Denmark over Germany

The only thing most fans have been hearing about Denmark is that they qualified for the knockouts on a series of tiebreakers that came down to a yellow card assessed on Slovenia assistant coach Milivoje Novaković during groups. That’s pretty funny, but it’s just one more example of the “Yeah, but …” attitude surrounding this squad.

Denmark qualified for the Euros by winning its group and posting a nine-goal differential in 10 games but lost to Kazakhstan and beat tiny San Marino by a score of just 2-1 along the way. Rasmus Højlund (who plays for Manchester United) had seven goals in those matches, but fans and analysts wonder if he’s really worthy of top-flight international renown. This is a cohesive team filled with veterans — goalie Kasper Schmeichel is in his 19th pro season — but fans and analysts further wonder about its lack of youth. Denmark’s scores in groups couldn’t have been more ambiguous: 1-1 vs. Slovenia, 1-1 vs. England, 0-0 vs. Serbia.

All of which is creating big-time value in betting markets. For one thing, Denmark qualified for the knockouts by the skin of their teeth only because they were unlucky. They had 3.2 expected goals in groups while allowing 2.3, a difference just a hair short of the margin posted by England. For another, Germany is only now putting itself back together after a series of terrible campaigns: third place in its group at the 2022 World Cup, third place (with four draws and a loss) in the 2022 Nations League, six losses (including at home to Turkey) in 11 friendly matches in 2023. Wins over France and the Netherlands in friendlies this spring seemed to have perked up the team and its fan base. But we still don’t really know if Die Mannschaft has patched up a defense that’s given up three or more goals in more than 20 percent of its games over the past two years. Germany didn’t have to qualify for these Euros. And while they crushed Scotland in groups, in contrast to Denmark, the Germans were lucky in their opening three matches, with a bigger margin in actual goals than expected.

Of course, Germany has home-field advantage in this match. But this game will be played in Westfalenstadion in Dortmund (called BVB Stadion Dortmund for UEFA competitions), which is about as far from Denmark as New York City is from Maine. If there’s one group of foreign Europeans that’s comfortable wearing their national shirts, drinking beer and screaming their heads off in northern Germany, it’s the Danes. Germany and Denmark are separated by just five slots in FIFA’s world rankings, by seven in the latest Elo ratings. These teams have played twice in the past five years, both times to 1-1 draws. There’s just very little evidence they’re in different classes.

Austria (+1600 at BetMGM) to win the championship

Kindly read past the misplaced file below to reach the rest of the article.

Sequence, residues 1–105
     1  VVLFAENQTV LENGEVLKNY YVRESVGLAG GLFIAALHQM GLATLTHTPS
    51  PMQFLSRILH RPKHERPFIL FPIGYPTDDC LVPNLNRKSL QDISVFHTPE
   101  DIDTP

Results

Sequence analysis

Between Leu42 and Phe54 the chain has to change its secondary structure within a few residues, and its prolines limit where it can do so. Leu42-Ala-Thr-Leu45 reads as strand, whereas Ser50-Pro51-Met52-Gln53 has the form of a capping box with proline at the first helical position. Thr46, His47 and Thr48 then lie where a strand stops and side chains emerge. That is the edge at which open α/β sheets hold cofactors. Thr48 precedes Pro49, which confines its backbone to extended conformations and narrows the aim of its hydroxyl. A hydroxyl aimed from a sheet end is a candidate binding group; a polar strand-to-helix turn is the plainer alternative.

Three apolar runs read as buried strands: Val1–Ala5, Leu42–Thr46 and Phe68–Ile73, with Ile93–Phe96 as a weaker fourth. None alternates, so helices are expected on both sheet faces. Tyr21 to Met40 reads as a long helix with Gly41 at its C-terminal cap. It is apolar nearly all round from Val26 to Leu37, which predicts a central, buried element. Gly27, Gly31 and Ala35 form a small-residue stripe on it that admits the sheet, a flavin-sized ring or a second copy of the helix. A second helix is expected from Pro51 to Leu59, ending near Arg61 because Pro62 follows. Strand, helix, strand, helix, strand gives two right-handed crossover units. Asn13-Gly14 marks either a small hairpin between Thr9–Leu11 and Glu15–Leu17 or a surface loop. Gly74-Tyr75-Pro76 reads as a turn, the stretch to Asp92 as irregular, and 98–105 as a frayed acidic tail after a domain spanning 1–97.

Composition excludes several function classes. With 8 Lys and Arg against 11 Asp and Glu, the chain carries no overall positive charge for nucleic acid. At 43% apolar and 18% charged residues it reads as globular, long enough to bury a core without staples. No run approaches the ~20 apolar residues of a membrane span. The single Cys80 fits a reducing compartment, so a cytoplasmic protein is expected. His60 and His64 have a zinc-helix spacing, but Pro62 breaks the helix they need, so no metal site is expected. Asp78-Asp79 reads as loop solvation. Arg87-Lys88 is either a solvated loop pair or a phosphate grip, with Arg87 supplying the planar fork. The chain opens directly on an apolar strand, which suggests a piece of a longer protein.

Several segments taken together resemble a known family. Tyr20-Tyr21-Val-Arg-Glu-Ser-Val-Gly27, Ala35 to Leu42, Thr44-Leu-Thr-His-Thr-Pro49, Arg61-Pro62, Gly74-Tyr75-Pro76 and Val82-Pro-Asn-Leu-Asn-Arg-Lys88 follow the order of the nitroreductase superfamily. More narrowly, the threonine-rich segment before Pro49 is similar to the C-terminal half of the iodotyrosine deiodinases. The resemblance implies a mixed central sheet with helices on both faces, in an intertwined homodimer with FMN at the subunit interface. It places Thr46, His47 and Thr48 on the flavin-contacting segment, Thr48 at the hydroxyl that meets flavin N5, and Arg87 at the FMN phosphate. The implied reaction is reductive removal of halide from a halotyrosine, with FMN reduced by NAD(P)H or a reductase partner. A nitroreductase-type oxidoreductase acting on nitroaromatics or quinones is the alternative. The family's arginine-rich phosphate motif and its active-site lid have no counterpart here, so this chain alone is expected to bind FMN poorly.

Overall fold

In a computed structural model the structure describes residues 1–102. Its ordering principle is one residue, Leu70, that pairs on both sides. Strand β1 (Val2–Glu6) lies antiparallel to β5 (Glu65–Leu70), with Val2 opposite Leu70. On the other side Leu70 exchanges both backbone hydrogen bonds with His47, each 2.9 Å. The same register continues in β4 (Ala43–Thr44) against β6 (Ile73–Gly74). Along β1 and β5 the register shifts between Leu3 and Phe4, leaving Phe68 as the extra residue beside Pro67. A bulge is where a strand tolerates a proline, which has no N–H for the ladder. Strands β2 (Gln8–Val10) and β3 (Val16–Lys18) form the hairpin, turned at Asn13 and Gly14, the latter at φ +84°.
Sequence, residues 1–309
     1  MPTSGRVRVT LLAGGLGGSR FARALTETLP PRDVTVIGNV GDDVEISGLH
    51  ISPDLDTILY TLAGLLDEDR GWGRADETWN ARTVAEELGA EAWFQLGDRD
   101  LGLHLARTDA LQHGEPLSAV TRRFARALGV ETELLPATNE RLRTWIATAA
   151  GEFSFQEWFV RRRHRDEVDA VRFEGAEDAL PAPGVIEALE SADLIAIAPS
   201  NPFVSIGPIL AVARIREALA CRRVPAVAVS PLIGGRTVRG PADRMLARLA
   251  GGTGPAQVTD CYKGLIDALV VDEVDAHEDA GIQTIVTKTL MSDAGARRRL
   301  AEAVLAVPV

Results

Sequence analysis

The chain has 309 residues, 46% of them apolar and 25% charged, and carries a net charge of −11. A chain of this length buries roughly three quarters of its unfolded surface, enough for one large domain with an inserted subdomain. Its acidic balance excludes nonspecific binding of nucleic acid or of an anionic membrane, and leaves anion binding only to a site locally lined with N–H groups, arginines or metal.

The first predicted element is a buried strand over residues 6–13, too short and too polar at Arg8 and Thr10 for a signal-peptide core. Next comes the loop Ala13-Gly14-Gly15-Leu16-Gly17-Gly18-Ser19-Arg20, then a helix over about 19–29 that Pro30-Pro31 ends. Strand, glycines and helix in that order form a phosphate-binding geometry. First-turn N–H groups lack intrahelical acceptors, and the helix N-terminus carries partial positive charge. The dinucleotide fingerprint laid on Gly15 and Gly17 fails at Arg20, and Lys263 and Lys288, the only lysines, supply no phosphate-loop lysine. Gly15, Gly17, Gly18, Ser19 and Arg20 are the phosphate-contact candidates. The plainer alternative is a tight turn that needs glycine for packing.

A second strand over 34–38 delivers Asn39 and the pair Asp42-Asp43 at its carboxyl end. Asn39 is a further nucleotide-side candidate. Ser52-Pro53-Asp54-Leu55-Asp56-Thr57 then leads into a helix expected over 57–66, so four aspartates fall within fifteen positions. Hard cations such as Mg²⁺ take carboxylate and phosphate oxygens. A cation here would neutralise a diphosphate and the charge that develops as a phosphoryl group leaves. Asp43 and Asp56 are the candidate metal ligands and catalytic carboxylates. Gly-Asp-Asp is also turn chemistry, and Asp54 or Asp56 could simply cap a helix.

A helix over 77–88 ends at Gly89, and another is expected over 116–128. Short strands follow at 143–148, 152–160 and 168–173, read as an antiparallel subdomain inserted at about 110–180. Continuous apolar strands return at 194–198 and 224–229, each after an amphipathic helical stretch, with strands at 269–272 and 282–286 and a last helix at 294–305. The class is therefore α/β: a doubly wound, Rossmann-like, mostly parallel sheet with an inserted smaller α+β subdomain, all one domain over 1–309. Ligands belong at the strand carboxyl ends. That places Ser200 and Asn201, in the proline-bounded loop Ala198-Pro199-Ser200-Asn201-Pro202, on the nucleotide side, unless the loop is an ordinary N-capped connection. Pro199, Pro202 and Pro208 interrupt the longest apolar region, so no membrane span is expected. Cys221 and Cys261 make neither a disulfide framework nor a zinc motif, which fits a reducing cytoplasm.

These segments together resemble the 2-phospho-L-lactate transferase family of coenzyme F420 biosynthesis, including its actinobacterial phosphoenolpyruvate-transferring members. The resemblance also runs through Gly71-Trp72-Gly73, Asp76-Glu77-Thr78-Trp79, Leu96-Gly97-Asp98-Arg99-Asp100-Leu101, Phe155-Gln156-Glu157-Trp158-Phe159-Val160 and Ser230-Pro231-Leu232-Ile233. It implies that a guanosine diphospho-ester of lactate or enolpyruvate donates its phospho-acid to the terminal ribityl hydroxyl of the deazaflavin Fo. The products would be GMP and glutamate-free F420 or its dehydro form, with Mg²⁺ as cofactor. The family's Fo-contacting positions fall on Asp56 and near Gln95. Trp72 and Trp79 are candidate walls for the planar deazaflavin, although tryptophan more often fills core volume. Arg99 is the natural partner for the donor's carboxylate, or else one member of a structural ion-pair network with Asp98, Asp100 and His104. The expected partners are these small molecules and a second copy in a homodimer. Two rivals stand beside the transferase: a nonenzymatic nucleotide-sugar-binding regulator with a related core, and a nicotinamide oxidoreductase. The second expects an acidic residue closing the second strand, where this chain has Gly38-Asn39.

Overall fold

You might notice two things about Austria’s odds to take home the title. First, +1600 isn’t that long a shot, particularly when you’re talking about a team that isn’t one of Europe’s traditional powers. Secondly, despite being ranked only 25th in FIFA’s pre-tourney world rankings, those are the same odds as Italy (10th in FIFA) and significantly shorter than Belgium (third in FIFA, +2800). That speaks to three things: The relative weakness of FIFA’s ranking system, the road each team faces in the knockout stage, and the struggle to capture how well a national team is playing at any given moment, given the low sample size of meaningful international competitions.

Those latter two factors — a relatively easy path and strong current form — work in Austria’s favor. After opening group play with a 1-0 loss to France on an own goal (despite actually holding a 52/48 possession advantage), Austria responded with a 3-1 win against Poland and a 3-2 victory over the Netherlands. That allowed Austria to top a group that featured two traditional powers and position themselves for a run to the semis that starts with Tuesday’s matchup against Turkey and then a potential quarterfinal date against either Romania or the Netherlands.

We’ve seen underdogs author memorable performances in previous Euro championships, from Iceland beating England in 2016 to Wales’ semifinal run that same year to Greece’s remarkable victory in 2004. And looking even beyond those competitions, our research has found that a typical hallmark of successful soccer underdogs is the ability to play a disruptive defensive style. Well, guess who led the group stage with 90 combined tackles and interceptions? That’s right, Austria.

Add in an offense that has scored six combined goals in its past two games, and coach Ralf Rangnick has clearly found something with this group. Will that be enough to hoist the trophy come July 14? That remains a tall task, but at 16:1 odds, it’s an interesting investment.

(Photo of Rasmus Højlund: Shaun Botterill / Getty Images)